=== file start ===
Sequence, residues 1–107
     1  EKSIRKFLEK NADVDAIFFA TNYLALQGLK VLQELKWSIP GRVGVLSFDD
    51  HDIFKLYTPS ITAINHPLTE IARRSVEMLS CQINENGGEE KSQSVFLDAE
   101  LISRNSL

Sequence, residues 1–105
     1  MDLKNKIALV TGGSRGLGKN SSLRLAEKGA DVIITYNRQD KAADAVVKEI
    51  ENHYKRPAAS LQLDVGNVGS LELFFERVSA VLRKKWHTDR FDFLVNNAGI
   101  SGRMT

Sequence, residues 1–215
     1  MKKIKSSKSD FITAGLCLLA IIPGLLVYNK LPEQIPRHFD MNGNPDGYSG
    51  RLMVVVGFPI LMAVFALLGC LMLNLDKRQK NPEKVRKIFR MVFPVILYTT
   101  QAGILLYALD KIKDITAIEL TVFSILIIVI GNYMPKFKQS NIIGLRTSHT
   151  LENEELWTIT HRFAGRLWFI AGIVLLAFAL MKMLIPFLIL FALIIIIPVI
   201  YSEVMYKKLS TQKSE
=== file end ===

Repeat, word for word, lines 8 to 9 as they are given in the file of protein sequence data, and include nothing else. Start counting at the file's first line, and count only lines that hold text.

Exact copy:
   101  SGRMT

Sequence, residues 1–215